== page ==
Deserts aren't supposed to get much rain, but Tropical Depression Rosa is flipping the script.
Rosa is spreading its heavy rainfall over land Tuesday across Mexico's Baja peninsula and into the United States, with more than 11 million people under a flash flood watch in the Southwest, CNN meteorologist Michael Guy said.
It'll drench Baja California with 3 to 6 inches of rain, with some spots getting up to 10 inches, the National Hurricane Center said.
#OrangeCountyCA residents near the #HolyJimFire burn areas: Be aware #rain expected #tonight through #Thursdaymorning may cause #debrisflows. Sign up for #AlertOC to stay informed. #HolyFloodReady Details: https://t.co/fd2hC6ntxC
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Rosa's edges are dropping light rain early Tuesday morning in the Phoenix area, and "brief pockets of heavy rain" are expected there eventually, the National Weather Service said.
Rosa, which was downgraded early Tuesday from a tropical storm, already has pounded the Northern Baja and Southern California desert regions, and the Mexican state of Sonora just south of the Arizona border.
Around 5 a.m. ET Tuesday, Rosa had maximum sustained winds of 35 mph (55 kmh) and was about 105 miles (170 kilometers) North of Punta Eugenia, Mexico.
Deadly flash floods and landslides possible
As it moves northeast, the storm will dump 2 to 4 inches of rain on much of Arizona, with up to 6 inches in the mountains. Flash flood watches are in effect for parts of Arizona, far southern California, Nevada, Utah, Colorado and far southern Idaho, with the storm's remnants moving inland, the National Weather Service said.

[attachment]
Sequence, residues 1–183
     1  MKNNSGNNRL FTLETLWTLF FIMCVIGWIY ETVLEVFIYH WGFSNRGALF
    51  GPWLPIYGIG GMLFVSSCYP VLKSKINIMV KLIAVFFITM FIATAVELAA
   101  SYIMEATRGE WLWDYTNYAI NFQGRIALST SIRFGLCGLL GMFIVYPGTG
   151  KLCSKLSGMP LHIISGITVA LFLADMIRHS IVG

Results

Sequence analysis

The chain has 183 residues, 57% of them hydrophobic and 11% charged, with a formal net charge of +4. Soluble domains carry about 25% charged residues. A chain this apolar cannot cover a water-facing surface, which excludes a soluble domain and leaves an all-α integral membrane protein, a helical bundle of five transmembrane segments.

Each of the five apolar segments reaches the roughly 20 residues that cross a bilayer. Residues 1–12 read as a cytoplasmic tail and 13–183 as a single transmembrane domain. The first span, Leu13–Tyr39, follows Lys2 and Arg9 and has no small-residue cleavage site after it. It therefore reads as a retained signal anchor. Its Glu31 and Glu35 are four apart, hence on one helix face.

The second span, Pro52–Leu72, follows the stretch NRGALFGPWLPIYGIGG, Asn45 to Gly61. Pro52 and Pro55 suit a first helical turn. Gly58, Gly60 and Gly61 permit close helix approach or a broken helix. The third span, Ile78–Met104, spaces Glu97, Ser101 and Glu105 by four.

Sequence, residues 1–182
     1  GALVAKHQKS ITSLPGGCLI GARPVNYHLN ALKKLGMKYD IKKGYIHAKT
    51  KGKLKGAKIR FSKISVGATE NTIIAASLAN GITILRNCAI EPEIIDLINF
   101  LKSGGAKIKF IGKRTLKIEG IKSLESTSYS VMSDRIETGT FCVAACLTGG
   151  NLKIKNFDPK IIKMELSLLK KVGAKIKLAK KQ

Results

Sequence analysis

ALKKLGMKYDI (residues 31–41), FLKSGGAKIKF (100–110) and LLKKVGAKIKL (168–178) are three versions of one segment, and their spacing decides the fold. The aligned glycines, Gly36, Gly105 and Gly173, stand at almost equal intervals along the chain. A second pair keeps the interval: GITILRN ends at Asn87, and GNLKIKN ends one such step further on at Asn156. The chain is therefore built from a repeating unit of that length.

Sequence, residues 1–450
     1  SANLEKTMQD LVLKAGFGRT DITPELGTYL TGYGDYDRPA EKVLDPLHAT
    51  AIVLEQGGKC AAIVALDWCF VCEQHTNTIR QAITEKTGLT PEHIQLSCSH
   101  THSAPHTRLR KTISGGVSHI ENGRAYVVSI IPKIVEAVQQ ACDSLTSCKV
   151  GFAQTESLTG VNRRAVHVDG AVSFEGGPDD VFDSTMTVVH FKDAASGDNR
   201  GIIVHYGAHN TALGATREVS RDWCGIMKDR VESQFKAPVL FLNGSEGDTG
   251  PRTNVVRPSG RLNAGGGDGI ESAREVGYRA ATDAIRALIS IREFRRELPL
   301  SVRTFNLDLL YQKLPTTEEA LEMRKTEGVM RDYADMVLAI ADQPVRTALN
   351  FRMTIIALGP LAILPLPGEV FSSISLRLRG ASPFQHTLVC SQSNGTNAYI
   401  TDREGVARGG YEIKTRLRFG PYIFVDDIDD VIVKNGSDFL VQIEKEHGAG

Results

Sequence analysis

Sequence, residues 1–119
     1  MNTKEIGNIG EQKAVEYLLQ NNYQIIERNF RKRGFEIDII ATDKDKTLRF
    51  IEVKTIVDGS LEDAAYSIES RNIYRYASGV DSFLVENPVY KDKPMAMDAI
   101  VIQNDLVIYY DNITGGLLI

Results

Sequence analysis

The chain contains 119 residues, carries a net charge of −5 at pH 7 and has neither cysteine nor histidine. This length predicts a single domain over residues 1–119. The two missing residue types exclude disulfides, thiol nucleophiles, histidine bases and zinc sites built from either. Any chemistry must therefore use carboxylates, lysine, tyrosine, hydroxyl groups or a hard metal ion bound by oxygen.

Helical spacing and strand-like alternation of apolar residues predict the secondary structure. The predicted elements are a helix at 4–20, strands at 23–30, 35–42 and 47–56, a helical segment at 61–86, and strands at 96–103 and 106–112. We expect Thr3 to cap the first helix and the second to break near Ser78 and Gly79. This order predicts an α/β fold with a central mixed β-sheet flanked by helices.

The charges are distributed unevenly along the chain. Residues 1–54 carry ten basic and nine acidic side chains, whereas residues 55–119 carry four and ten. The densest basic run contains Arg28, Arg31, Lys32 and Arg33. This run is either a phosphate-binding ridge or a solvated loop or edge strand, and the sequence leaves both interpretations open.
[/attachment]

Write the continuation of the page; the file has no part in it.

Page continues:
"These rainfall amounts may produce life-threatening flash flooding," the hurricane center said. "Dangerous debris flows and landslides are also possible in mountainous terrain."
Historically, it's unusual for the US Southwest to get pummeled by a hurricane or tropical storm. But "these events have begun to increase in recent years," CNN meteorologist Gene Norman said.
Research indicates global warming contributes to tropical storms getting "more intense, bigger and longer-lasting, thereby increasing their potential for damage," said Kevin Trenberth, senior scientist at the National Center for Atmospheric Research.
While there might not be a direct link between global warming and the recent increase of severe storms in the US Southwest, "it is possible that this could be a side effect of climate change," Norman said.
"Warmer oceans are allowing eastern Pacific storms to reach higher latitudes," he said. "This was not the case earlier. It was quite rare for an eastern Pacific storm to even reach Baja California, and this is now becoming more common."